Such being the normal life of Oran, it will be easily understood that our fellow citizens had not the faintest reason to apprehend the incidents that took place in the spring of the year in question and were (as we subsequently realized) premonitory signs of the grave events we are to chronicle. To some, these events will seem quite natural; to others, all but incredible. But, obviously, a narrator cannot take account of these differences of outlook. His business is only to say: "This is what happened," when he knows that it actually did happen, that it closely affected the life of a whole populace, and that there are thousands of eyewitnesses who can appraise in their hearts the truth of what he writes.

In any case the narrator (whose identity will be made known in due course) would have little claim to competence for a task like this, had not chance put him in the way of gathering much information, and had he not been, by the force of things, closely involved in all that he proposes to narrate. This is his justification for playing the part of a historian. Naturally, a historian, even an amateur, always has data, personal or at second hand, to guide him. The present narrator has three kinds of data: first, what he saw himself; secondly, the accounts of other eyewitnesses (thanks to the part he played, he was enabled to learn their personal impressions from all those figuring in this chronicle); and, lastly, documents that subsequently came into his hands. He proposes to draw on these records whenever this seems desirable, and to employ them as he thinks best. He also proposes . . . "
 

USI Calgary

J. Randall Murphy
Staff member
I decided to read the material at the link I sent you and discovered that it opens to a collection of Trump administration propaganda. Since the link was attached to a YT video entitled UFO DISCLOSURE 2020 I went to the linked video and found beneath it the following contents list and links to the ufo-related material:
These links are what you'll want to post to the appropriate site here. I have no idea why the first link on the list goes to the Trump propaganda. Here's the link to the UFO DISCLOSURE 2020 video:

youtube.com/watch?v=vJQIL2XBEqE&feature=youtu.be&fbclid=IwAR003-wumjffykv37dLl9s5FzTEKTfb1FG9muKKkNjPI9VQ4kfgIb7CjWC0
Sorry for the reformatting, but I couldn't control my OCD.
 

Constance

Paranormal Adept
XXVIII

"If it should be true that reality exists
In the mind: the tin plate, the loaf of bread on it,
The long-bladed knife, the little to drink and her

Misericordia, it follows that
Real and unreal are two in one: New Haven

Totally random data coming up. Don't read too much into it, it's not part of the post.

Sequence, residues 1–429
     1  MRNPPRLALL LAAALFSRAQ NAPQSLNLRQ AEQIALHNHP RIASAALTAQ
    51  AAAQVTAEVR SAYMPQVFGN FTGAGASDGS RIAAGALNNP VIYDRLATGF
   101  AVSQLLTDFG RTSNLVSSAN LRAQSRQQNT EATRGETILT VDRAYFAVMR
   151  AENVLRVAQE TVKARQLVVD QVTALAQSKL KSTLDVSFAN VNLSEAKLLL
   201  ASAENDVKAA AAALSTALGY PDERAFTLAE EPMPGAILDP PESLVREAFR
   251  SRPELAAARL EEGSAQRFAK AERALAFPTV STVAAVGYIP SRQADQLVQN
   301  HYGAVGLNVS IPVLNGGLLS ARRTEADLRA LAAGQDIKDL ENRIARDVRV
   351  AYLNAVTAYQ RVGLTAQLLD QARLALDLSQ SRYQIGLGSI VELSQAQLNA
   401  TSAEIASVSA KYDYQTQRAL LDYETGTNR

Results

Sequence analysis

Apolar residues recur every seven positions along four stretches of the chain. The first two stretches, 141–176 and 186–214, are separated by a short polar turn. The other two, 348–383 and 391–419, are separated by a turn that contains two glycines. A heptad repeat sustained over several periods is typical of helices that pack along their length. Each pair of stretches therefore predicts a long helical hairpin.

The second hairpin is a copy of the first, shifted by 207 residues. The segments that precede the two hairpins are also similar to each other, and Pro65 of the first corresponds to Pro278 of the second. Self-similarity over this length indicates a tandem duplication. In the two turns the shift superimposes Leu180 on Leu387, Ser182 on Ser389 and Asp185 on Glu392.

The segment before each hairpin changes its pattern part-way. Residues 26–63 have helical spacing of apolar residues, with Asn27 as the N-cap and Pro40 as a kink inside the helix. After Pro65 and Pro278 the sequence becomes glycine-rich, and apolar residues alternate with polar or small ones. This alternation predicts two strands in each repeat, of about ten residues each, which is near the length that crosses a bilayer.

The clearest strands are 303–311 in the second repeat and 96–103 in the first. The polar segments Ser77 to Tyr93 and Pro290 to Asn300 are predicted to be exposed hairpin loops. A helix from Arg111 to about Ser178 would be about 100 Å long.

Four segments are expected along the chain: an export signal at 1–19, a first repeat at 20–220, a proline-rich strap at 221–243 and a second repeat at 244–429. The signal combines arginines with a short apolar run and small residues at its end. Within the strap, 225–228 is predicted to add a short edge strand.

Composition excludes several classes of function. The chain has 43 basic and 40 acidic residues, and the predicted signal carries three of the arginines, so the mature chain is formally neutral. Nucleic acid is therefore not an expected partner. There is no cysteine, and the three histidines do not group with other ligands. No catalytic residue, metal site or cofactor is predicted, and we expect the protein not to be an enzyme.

Before and after one arrives or, say,

Bergamo on a postcard, Rome after dark,
Sweden described, Salzburg with shaded eyes
Or Paris in conversation at a cafe.

This endlessly elaborating poem
Displays the theory of poetry,
As the life of poetry. A more severe,

More harassing master would extemporize
Subtler, more urgent proof that the theory
Of poetry is the theory of life,

As it is, in the intricate evasions of as,
In things seen and unseen, created from nothingness,
The heavens, the hells, the worlds, the longed-for lands."

Canto 28 from Wallace Stevens's long, late, poem "An Ordinary Evening in New Haven." I've found the whole of that poem reproduced online at the link below. Unfortunately, the person who posted it has highlighted various stanzas or parts of stanzas in various colors for whatever his or her purposes were. There's no accompanying text expressing a consequent interpretation of the poem. If I find the energy and peace of mind needed to do so, I might write a stanza by stanza exposition of the poem developing the phenomenological nature of Stevens's understanding of what we carelessly refer to as 'reality', imagining that reality is entirely objective, rather than yielding to the demonstration by the poets and artists that our lived reality always depends on the state and location of our conscious and subconscious minds dwelling in the midst of a world existing in continual change, as we ourselves are.

Here is the link to the whole of "An Ordinary Evening in New Haven" online, in distracting technicolor:


www.billcollinsenglish.com
I , II III . IV V VI These characters are around us in the scene. For one it is enough; for one it is not; For neither is it profound absentia, Since both alike appoint themselves the choice But that’s the difference: in the end and the…
http://www.billcollinsenglish.com/O...et3n7MtCw0FJ_lk2fo6C09SrDFh5MF_K-gewLweUm6XoU
 
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Constance

Paranormal Adept
Checking in to see how all who post in this thread are doing these difficult days. All well I hope.

Here's a very good paper I've come across that can help us keep our minds on our target subject, the nature of human and animal consciousness.

Befuddling the Mind: Radical Enactivism (Hutto-Myin Style) and the Metaphysics of Experience

Itay Shani

2020, Phenomenology and the Cognitive Sciences (forthcoming)

Enactivism,
Monism,
Qualia,
Philosophy of Mind (the hard problem of consciousness),
radical Embodied Cognitive Science